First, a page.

AUBURN — A judge declined Monday to dismiss a drunken driving case against a former Auburn police officer stemming from a 2007 car accident.

Instead, the judge ruled the only evidence that would be allowed at trial, possibly in September, is the same evidence that was permitted by the judge a year ago — when the same charge against the cop was dropped at the last minute.

Prosecutors dropped the criminal operating under the influence charge the morning of the first day of trial last year after learning the young driver of the other vehicle had died months after the crash. Prosecutors decided to wait for autopsy results before going ahead with their case.

Had the other driver’s death been related to the accident, prosecutors said they might have upgraded charges against the former officer. The autopsy ruled out a link between the man’s death and the crash.

In March, prosecutors brought back the criminal OUI charge against former police officer Mitchell Sweetser, 42, of Auburn. If convicted, he faces up to 364 days in jail.

Sweeetser’s attorney, Leonard Sharon, argued Monday in Androscoggin County Superior Court that prosecutors took too long to charge his client again with the same crime.

Moreover, Sharon said his client was unable to gain access to all of the evidence in the case because the state had destroyed Sweetser’s blood sample from which the state was able to determine his blood-alcohol level at the time of the crash.

Sharon said he had flown an expert from Wisconsin to Maine last summer to testify at trial about the state’s analysis of Sweetser’s blood-alcohol level. At that time, prosecutors had no witness to counter Sweetser’s expert, Sharon said. But, during the seven months that passed between dismissal of the initial charge and reinstating the same charge, prosecutors gathered additional evidence from hospital records and found a rebuttal witness.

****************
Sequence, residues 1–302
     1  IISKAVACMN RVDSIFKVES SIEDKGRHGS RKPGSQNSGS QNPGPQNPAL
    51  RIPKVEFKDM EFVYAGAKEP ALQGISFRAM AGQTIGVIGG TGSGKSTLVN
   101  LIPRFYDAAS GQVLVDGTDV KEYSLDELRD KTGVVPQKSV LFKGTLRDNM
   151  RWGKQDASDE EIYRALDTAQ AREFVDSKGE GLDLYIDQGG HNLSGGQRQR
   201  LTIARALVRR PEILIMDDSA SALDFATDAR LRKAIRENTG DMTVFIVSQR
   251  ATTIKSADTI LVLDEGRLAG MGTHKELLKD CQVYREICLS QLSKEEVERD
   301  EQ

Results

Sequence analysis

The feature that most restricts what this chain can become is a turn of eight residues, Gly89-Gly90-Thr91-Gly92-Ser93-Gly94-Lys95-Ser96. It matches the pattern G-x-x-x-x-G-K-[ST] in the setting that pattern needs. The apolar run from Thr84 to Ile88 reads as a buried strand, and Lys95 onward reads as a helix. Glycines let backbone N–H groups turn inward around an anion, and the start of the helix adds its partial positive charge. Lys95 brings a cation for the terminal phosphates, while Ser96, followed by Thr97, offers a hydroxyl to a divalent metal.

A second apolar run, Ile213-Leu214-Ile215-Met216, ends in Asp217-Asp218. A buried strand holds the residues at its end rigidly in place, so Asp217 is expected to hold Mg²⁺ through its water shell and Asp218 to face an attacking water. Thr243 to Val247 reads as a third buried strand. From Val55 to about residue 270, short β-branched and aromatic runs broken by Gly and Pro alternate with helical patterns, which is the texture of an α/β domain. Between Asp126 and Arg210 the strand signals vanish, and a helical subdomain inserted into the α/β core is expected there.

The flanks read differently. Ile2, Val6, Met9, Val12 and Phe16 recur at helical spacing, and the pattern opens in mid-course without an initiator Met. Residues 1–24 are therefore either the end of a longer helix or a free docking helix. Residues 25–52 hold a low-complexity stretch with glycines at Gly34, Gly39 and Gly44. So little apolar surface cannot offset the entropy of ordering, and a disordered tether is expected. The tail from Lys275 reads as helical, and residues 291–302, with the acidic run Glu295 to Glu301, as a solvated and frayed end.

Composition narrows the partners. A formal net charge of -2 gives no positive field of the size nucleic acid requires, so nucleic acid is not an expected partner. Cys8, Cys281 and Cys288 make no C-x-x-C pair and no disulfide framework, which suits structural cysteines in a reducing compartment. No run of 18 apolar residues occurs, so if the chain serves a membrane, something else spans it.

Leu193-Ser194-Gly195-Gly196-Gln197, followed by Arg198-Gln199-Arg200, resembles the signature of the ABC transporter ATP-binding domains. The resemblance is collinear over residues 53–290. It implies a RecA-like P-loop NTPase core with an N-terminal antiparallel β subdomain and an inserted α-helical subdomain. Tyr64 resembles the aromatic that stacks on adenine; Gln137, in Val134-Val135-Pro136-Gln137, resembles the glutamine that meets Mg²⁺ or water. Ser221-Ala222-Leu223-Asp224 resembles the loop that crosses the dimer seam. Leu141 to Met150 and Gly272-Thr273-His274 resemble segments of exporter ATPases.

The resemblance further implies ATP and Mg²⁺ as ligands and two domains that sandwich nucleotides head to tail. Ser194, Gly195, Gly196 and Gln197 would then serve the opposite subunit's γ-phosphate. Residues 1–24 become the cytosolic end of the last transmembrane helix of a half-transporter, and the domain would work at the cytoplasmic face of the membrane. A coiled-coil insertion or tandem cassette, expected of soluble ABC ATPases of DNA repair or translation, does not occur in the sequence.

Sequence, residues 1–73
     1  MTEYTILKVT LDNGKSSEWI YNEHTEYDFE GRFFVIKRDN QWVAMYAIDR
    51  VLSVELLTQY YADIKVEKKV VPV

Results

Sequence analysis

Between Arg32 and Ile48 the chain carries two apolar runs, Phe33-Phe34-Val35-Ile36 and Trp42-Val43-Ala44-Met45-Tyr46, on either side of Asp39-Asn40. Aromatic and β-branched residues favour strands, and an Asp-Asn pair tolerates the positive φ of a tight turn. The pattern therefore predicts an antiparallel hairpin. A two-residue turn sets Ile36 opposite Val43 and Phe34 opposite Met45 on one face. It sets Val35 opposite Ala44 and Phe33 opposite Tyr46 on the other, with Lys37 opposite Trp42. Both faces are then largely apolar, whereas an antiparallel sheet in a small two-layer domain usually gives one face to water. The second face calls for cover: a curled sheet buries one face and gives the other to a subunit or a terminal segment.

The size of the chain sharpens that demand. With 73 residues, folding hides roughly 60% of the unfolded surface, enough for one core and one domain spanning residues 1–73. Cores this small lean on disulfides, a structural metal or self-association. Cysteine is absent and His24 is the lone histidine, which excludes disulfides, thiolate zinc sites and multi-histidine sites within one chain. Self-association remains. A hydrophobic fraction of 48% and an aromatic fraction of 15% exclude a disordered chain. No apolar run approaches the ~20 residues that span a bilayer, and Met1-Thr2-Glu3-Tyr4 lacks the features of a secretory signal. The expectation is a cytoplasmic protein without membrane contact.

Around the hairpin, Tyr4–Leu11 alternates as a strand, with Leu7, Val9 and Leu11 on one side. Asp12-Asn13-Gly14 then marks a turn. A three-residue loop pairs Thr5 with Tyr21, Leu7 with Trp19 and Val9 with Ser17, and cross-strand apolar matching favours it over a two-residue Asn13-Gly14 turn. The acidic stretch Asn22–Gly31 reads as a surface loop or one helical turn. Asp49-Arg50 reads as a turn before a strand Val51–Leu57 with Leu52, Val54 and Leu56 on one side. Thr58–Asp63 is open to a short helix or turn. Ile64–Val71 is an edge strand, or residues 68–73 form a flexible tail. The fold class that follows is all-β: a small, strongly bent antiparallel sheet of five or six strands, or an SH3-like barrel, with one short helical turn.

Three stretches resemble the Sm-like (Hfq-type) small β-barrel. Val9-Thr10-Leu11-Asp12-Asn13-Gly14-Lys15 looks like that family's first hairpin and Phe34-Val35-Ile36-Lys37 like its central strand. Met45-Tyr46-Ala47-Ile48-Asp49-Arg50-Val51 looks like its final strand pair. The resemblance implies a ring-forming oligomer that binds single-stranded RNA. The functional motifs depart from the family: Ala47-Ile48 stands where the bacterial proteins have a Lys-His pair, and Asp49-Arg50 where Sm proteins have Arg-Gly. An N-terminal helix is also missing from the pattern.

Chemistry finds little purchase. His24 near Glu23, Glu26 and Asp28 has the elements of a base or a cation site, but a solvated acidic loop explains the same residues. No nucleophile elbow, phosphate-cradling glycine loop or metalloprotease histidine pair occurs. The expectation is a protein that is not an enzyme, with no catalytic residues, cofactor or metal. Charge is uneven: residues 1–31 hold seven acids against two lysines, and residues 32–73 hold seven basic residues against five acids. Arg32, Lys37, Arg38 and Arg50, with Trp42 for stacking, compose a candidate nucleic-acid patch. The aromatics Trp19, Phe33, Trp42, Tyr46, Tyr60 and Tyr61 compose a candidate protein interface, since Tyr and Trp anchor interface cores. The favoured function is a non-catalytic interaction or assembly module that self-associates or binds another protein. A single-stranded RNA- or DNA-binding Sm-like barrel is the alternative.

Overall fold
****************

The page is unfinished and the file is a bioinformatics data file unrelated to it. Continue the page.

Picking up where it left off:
Sharon argued the state had used dismissal of the initial charge as a delaying tactic.

Assistant District Attorney Richard Beauchesne said it took seven months to bring the same charge back against Sweetser because of the time involved in getting and executing a search warrant for hospital records. At the time he dismissed the first charge against Sweetser, he only wanted to learn whether the autopsy of the 25-year-old driver of the pickup truck involved in the accident was caused by the crash.

Justice Thomas Delahanty II said the first trial was stopped for one reason: to determine whether there was any connection between the driver’s death and the crash. For that reason, the evidence allowed at trial would be the same as the evidence allowed at the time the first trial was supposed to start, he said.

“I think that’s fairest to both sides, under the circumstances,” Delahanty said.

Sweetser reportedly ran a red light on Hampshire Street at 11:30 p.m. in November 2007. He was charged with criminal OUI. His blood-alcohol content was recorded at 0.19 percent, more than twice the legal driving limit. A sergeant at the Androscoggin County Sheriff’s Office investigated the crash. A police accident report said Sweetser apparently fell asleep behind the wheel.

Sweetser has pleaded not guilty to the charge.


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